Beijing gets tough on Southern spies

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Beijing gets tough on Southern spies

China is getting tougher on South Korean officials caught collecting intelligence on North Korea, indicating Beijing’s heightened sensitivity to protecting its ally’s secrets, according to an intelligence source in Seoul.

A South Korean military field official who was responsible for collecting information on North Korea’s nuclear project in China was arrested by Chinese authorities in Shenyang on July 10, 2009, during a business trip in the region.

The officer, surnamed Cho, was tried and sentenced to three years in prison for espionage. Cho was forced to serve over a year of his term and then was handed over to South Korean authorities around Sept. 28 along with other South Korean prisoners.

The Chinese officials who incarcerated Cho said he had tried to receive intelligence on North Korea’s nuclear program and missiles through a Chinese official who had contacts with a North Korean colonel.

The source said it was actually a sting operation run by China against Cho.

“The Chinese police used the Chinese officer, whom they had arrested beforehand, to lure Major Cho to a rendezvous to secure evidence he was receiving the information, then arrested him,” said the source. Cho allegedly gave tens of thousands of dollars to the Chinese officer for the intelligence about North Korea.

At a similar time last July, Chinese police arrested another South Korean officer surnamed Go for spying in Beijing. However, Go was deported from China in December after authorities could not prove he was guilty of espionage.

China’s decision to hold Cho captive for over a year is tougher behavior than usual. Usually a captured agent is released and repatriated after an official from the home country delivers documents promising to prevent a similar happening.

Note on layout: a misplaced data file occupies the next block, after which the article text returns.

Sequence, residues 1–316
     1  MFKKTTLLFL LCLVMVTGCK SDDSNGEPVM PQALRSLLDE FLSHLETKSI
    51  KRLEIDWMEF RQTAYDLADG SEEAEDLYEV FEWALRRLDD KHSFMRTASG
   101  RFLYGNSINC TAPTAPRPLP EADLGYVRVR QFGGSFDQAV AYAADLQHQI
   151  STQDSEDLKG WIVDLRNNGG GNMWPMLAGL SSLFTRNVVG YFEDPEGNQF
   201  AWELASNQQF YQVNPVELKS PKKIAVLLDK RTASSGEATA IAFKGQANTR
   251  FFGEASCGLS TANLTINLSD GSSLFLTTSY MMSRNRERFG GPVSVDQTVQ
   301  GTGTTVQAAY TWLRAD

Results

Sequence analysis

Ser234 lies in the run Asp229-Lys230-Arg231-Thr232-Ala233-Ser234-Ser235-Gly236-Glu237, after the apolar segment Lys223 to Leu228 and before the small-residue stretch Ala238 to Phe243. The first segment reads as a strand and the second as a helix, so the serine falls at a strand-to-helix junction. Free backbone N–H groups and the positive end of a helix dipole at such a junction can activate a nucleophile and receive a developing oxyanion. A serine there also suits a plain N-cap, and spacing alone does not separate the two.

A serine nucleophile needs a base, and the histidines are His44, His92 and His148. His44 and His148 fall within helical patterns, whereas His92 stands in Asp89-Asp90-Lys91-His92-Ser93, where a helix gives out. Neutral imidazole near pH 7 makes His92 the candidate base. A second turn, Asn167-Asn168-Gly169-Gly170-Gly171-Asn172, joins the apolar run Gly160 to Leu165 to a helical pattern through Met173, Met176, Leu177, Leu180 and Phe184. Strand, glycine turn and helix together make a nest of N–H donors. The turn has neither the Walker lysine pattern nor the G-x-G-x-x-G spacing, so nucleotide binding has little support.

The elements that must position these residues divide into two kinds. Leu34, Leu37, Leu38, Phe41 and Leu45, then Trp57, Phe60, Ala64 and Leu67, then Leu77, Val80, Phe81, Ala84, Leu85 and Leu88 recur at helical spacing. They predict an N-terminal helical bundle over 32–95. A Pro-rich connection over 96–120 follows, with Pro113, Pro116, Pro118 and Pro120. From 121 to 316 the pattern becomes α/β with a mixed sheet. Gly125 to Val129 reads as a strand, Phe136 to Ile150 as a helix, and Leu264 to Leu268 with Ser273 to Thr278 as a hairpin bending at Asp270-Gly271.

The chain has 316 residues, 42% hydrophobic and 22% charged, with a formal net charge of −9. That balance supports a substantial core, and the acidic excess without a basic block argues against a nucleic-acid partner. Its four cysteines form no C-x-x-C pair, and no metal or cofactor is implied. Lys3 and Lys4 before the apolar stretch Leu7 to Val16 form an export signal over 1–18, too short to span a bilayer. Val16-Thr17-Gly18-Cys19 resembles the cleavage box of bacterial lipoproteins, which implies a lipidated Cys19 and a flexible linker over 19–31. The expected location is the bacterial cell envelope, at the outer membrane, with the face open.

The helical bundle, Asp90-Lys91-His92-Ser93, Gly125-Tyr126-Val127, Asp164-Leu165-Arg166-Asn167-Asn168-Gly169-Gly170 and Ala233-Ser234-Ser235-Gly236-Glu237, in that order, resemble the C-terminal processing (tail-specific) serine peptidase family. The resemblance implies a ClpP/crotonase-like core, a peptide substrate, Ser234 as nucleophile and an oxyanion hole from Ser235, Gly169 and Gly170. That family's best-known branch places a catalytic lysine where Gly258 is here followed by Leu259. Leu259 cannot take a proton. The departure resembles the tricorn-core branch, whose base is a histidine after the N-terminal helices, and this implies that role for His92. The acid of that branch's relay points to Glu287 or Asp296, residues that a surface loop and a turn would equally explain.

Cho’s imprisonment also caused unrest among South Korean intelligence agents because he was repatriated with South Korean criminals who had been arrested in China for robbery or fraud.

“I know there was outcry from agents in the country over China’s unusual decision to incarcerate an active officer on duty for an extended period of time and treating him like any other criminal,” said the source.

South Korean intelligence authorities believe China got tougher on the South because of heightened sensitivity towards intelligence on North Korea at the time. South Korea had been in need of information on North’s nuclear power after the regime conducted its second nuclear test in May 2009.

The South Korean government has not yet officially disclosed information on the two officers as relations between Seoul and Beijing have remained tense over North Korea.

China is regarded as North Korea’s closest ally, and the two have strengthened their alliance over the past months as the North disclosed its plan for leader Kim Jong-il’s son to succeed him in power.

China has not condemned North Korea for attacking the South Korean island of Yeonpyeong and has been under pressure from the United States to keep a tighter rein on its North Korean neighbor.

By Lee Young-jong []
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